Sorry I haven't had any new posts. I've been meaning to start adding in some retro-hobby posts in addition to continuing the music ones, but, over the last couple of days, I've been getting carried away trying to clean up a proof-of-concept hobby project to the point where I can post it.
(An experimental Tesseract OCR frontend intended to make it as comfortable and efficient as possible to OCR speech ballons and text boxes in manga and doujinshi and feed them to Google Translate.)
Why Don’t We Just Ban Targeted Advertising? | WIRED
Pushin' the Speed of Light by Julia Ecklar and Anne Prather.
The best way I can sum this story up is "The plight of the young working man, watching everyone else age into oblivion as he lives life aboard a relativistic starship." Very poignant.
I like to contrast it with '39 by Queen, which has a similar theme, but with the main characters being seen as heroes rather than everymen.
Let's start with The Horse Tamer's Daughter, written by Leslie Fish. This ballad, is set in the world of Marion Zimmer Bradley's Darkover and this recording by Julia Ecklar is from an out-of-print album that apparently went for CA$400 at a FilKONtario auction.
...with this and Big Iron by Marty Robbins, I learned that I want more ballads.
First, "The Nameless Murderess" by The Once. A swing-y murder ballad with some *amazing* vocals.
Second, "Jabberwocky". Kate "Erutan" Covington's comeback song after struggling to recover her singing voice:
Third, "Long Lost Century" by The Woodlands:
More music roundups to come.
I wanted to start off my #dos tweets recap with the link I found for IBM's CUA keybindings reference, but, sadly, it's now dead.
If anyone wants to try to track it down, this was the URL for the relevant section in one of the versions of IBM's reference:
Failing that, I've since picked up a used copy of http://www.worldcat.org/oclc/931408154 so maybe I'll try to find time to transcribe the reference tables listed as Figures 171 and 172 (Keyboard Functions, p. 315-322), (Keys to Functions, p. 319-322), Figures 175-185 (Mnemonic Assignments for ..., p. 345-349), and Figure 200 (Shortcut Key Assignments, p. 451-452).
(That said, if you can find a copy of the book, pick it up. While it's primarily intended for OS/2, it's got a *lot* of nifty stuff useful for DOS TUIs, including "Appendix E. Translated Terms"... charts translating various English menu/button labels like "Redo" into 16 different languages.)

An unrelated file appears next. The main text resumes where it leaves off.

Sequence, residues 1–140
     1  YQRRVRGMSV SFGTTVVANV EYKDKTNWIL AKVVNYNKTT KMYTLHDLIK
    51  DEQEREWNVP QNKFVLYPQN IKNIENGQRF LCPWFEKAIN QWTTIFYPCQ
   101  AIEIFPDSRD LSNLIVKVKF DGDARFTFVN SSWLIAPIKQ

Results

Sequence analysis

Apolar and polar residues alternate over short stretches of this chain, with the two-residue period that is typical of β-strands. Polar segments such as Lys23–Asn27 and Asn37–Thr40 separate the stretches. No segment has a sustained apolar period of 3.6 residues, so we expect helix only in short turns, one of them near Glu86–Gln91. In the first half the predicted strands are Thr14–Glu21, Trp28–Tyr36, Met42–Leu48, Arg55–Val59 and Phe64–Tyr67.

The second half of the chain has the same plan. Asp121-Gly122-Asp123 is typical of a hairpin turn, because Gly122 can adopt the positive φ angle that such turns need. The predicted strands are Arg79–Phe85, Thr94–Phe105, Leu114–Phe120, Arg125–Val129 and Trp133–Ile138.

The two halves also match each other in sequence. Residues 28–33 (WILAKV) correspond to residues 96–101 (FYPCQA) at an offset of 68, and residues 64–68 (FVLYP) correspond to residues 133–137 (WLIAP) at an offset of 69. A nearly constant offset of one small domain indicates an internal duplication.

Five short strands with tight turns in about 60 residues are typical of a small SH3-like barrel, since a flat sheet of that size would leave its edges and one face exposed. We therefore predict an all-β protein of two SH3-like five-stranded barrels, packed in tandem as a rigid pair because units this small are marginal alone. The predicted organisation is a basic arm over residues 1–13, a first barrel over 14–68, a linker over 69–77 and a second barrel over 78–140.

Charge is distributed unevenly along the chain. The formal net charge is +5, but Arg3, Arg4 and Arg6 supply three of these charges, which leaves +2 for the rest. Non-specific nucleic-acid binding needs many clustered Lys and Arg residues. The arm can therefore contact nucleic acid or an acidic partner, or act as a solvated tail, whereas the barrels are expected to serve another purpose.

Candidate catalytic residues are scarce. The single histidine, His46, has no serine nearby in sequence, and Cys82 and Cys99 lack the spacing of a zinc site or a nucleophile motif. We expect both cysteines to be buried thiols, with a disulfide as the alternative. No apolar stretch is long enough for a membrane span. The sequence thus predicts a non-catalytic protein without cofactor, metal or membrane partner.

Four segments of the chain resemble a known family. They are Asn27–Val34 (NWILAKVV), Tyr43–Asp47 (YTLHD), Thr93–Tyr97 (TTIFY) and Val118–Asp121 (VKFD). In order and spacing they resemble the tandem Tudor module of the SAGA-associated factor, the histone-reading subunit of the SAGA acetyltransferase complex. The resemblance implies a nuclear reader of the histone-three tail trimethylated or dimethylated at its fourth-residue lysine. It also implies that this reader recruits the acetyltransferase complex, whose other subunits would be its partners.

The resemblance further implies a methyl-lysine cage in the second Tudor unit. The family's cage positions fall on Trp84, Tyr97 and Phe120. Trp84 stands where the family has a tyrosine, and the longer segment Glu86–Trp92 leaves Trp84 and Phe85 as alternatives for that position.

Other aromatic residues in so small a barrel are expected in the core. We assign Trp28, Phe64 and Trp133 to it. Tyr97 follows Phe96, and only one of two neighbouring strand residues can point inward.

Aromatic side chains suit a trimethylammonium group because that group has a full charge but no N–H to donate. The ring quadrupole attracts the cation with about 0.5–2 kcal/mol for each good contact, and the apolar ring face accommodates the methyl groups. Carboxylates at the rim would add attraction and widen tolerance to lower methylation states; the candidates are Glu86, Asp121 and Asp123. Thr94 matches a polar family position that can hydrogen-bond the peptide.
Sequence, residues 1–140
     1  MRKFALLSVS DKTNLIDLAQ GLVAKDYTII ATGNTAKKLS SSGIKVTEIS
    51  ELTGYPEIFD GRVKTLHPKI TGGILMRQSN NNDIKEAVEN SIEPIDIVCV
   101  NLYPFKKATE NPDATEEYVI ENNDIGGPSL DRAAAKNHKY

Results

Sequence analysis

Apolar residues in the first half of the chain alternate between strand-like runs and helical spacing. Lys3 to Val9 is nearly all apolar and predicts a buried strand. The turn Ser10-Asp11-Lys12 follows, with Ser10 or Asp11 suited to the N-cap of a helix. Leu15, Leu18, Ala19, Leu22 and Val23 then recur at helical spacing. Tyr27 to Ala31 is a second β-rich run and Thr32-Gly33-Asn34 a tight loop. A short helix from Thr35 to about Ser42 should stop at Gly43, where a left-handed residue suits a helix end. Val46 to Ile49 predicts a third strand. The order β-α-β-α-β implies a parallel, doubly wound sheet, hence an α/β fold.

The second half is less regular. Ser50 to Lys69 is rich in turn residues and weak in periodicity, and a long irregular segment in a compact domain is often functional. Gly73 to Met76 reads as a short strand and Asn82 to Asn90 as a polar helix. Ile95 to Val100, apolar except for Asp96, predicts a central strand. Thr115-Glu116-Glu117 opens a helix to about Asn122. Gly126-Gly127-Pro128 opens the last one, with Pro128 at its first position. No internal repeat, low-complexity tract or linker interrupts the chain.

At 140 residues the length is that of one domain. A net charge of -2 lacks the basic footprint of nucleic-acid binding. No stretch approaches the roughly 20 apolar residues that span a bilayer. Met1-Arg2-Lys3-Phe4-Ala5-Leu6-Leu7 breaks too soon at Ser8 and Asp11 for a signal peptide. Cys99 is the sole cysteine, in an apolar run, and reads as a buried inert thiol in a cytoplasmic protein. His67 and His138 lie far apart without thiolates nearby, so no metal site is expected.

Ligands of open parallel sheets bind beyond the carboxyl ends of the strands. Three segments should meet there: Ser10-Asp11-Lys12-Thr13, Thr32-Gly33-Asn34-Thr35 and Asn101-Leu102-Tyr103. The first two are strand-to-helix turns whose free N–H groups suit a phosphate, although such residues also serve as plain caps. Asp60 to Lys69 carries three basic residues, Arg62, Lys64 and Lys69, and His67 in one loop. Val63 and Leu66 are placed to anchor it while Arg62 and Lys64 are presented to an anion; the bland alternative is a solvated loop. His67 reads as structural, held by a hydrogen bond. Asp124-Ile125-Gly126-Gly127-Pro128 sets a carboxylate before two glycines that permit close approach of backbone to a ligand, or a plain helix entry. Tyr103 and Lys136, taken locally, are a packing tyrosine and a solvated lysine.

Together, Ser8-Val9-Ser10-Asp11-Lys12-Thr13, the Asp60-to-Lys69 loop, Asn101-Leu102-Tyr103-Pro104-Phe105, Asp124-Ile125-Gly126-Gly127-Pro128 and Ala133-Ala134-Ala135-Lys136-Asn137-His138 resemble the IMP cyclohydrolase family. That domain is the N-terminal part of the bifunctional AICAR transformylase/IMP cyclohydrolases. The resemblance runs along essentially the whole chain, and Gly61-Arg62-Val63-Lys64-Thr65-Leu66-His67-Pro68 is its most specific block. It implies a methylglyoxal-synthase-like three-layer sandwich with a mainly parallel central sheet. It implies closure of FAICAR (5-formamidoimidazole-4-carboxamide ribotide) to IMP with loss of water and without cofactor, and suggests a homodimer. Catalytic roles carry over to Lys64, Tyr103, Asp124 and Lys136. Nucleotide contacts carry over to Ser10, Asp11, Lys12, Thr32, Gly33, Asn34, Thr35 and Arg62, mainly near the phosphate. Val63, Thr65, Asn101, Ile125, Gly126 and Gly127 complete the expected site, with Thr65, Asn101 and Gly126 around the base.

While the world is justifiably focused on #COVID19 remember that our (US) leadership has yet another plan to effectively outlaw encryption called "EARN IT".
People who can't use email are ipso facto not competent to draft such legislation.
I just recently ran across this blog post on the core flaw in the Go programming language's focus on simplicity that I felt like sharing.
TL;DR: They seem determined to force a veneer of simplicity, even when things are fundamentally complicated, and that makes things painful when the abstraction leaks.
It occurs to me that I'm going to have to get used to this whole idea of having timelines that are slow-moving enough to follow everything that happens among strangers.
It looks like it's leading me toward impulsive faving/boosting behaviour when the better choice would be to make a note and then wait to see if I can fave or boost someone else's more balance/rational/calm-headed toot on the same article.
I just want to make this perfectly clear: I will never use (known to be) backdoored crypto. I will not purchase "compliant" devices. If it comes down to it, I will stockpile grandfathered legacy devices.
Don't let the coronavirus hype distract you. They're pushing this shit through **right now**.
If you don't yet know about the government's latest attempt to legislate encryption backdoors, look here https://www.eff.org/deeplinks/2020/03/earn-it-bill-governments-not-so-secret-plan-scan-every-message-online
When I joined Twitter in 2009, I was just mirroring my Identi.ca, where I'd coined #fic_rating for fanfiction micro-reviews with machine-friendly structure.
The reference I wrote is still up:
It wouldn't make sense to summarize those, and I stopped updating Identi.ca when I stopped the micro-reviews, so I'll just point at it for now.
Maybe later I'll use Mastodon's higher limit to revisit them for a "top 5" run-down.
I'm still not completely satisfied with sending people to look at my Twitter, so I decided to go back through it and write some themed highlights round-ups of tweets that are still relevant.
In order to gather the data for them, I've written a little Python script to chew through the tweets in my Twitter data dump, which I've put up on GitHub Gist in case anyone else wants to play with it.
Oh, since I don't yet know whether the Mastodon APIs allow me to write an importer which would insert stuff earlier than existing content, here's a link to my old content:
For those who aren't the one or two people following me over from Twitter, I won't post very often but, when I do, it'll usually either be an especially good YouTube video or technical stuff, like announcing that I added some content to one of the lists on my blog or sharing something interesting I discovered while puttering around in old files.
I do have a bunch of programming projects, but, if you want to judge me based on my GitHub, bear in mind that I'm still trying to pick up the pieces after a long interval when I didn't have time to work on anything.
Once in a blue moon, maybe you'll see me post about my retro-hobby programming project to write an installer builder for DOS.
Linux user, open-source enthusiast, science buff, and retro-hobbyist who occasionally reviews fanfiction.
QOTO: Question Others to Teach Ourselves. A STEM-oriented instance.
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